What is the Most Common Physician Assistant Compensation Model?
What is the most common compensation model for a Physician Assistant? I would say most contracts that I’ve reviewed and upon all our research here at our firm, it’s mainly a base compensation, so you’re paid a salary. Occasionally, you do have additional bonuses on top of that base compensation. But normally, it’s just outlined in your employment agreement you’re just going to get a base salary. Another common one I see depending on your specialty is you may be paid hourly. You’ll want to calculate that hourly rate to see where you are in relation to if you feel like you’re getting compensated properly. And then also, sometimes there are day rates or shift rates.
So, just upon an 8, 10-hour, or 12-hour shift, you’re compensated with a flat rate. Those are the three different ways: just salary-based compensation, hourly or shift or day rate. You rarely see physician assistants receiving production or RVUs or collections because most of the time, they’re assisting or have a supervising physician, and physicians normally are paid based on those RVUs or collections or productions. Typically, a physician assistant is just going to be paid a fee. And it depends on how that’s outlined in your contract. As I said, there are also other bonuses that you may be compensated for. Sometimes it’s quality assurance, other times there is some type of production. It just depends. Bigger entities usually have their own unique metrics but that should be easily understood in your employment agreement.
If you read it and it’s difficult, or there are a lot of variables or discretion of the employer, that’s something that you would want to get clarified before you sign on that dotted line. Also, you should be receiving some type of signing bonus upon signing or starting your employment with your new employer. This can range anywhere from around 10,000 to 20,000. Again, this is considered income and it’s normally given to you in a lump sum. Just keep in mind that whatever that number is in that bonus in your contract, you may be receiving less because taxes or income taxes will be taken off the top, so that’s something to keep in mind.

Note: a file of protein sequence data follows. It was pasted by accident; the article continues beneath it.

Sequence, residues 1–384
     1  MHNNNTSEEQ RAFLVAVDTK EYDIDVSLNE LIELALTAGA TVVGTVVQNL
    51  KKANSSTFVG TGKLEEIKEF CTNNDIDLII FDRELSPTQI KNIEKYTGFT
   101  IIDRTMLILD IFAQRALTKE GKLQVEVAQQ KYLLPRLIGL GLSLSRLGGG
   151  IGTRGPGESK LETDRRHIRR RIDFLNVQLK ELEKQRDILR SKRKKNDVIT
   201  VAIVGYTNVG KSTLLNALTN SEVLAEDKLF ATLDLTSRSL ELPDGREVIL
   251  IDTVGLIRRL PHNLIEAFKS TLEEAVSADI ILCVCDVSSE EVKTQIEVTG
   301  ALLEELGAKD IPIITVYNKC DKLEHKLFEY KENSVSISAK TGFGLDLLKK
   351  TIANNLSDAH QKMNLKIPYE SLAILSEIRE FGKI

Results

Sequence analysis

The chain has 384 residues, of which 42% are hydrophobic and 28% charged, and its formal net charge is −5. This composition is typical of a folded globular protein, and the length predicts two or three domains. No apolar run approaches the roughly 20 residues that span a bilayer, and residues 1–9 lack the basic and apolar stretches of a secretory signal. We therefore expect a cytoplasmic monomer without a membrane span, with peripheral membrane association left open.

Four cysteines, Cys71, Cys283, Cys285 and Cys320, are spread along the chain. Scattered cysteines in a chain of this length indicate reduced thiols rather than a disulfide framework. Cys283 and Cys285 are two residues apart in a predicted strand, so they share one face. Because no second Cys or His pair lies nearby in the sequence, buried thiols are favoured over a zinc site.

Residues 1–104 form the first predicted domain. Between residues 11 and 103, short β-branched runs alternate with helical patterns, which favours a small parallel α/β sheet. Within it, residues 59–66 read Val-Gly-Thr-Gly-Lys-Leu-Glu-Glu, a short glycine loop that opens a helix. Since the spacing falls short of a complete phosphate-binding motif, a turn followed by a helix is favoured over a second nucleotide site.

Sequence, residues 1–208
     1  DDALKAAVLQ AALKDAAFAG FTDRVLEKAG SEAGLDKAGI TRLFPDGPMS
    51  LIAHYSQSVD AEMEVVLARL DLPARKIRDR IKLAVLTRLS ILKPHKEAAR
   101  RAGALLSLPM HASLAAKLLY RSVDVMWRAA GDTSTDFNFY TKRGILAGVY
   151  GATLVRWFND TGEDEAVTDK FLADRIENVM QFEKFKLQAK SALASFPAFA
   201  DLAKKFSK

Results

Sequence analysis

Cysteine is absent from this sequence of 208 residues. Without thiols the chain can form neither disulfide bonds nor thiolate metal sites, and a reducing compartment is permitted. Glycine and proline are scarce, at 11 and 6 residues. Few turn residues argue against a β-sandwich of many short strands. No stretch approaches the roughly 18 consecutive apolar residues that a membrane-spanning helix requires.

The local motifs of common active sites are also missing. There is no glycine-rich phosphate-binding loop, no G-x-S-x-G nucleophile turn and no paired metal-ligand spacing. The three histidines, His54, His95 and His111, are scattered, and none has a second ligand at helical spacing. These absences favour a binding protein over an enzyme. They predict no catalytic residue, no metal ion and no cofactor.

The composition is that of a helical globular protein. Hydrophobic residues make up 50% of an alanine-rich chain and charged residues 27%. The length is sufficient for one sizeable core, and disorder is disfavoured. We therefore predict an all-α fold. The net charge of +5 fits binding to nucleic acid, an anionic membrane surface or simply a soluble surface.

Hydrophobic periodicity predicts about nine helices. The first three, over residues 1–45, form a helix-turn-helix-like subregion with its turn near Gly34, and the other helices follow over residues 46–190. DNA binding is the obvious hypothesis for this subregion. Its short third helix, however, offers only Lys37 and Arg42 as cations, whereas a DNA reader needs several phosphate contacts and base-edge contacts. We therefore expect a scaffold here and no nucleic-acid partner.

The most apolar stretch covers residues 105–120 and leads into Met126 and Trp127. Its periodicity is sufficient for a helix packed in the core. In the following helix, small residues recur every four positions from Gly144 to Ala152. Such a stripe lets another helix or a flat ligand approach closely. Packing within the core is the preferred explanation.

And then also, any type of bonus, specifically like a signing bonus or a commencement bonus will typically have some type of strings attached to it, meaning that you have to complete anywhere from one to three years of employment. Otherwise, you’ll have to pay back either that full bonus or that bonus at a prorated amount. So, they’ll forgive a certain portion of it for every month or year that you’ve completed with your employer. And then the last bonus that I normally see on top of your compensation would be some type of retention bonus. It’s normally structured at the anniversary of every year of employment. You can receive anywhere from $5,000 to $10,000. And again, that’s going to be a lump sum, so you will have taxes taken out of the top of that. Retention bonuses normally do not have any payback provisions because it’s conditional on you completing a full year. If you quit in the middle of the year, you lose your eligibility for that retention bonus. You’re not going to receive half of it, you receive nothing. So, those are the normal, I would say, compensation models for a physician assistant.
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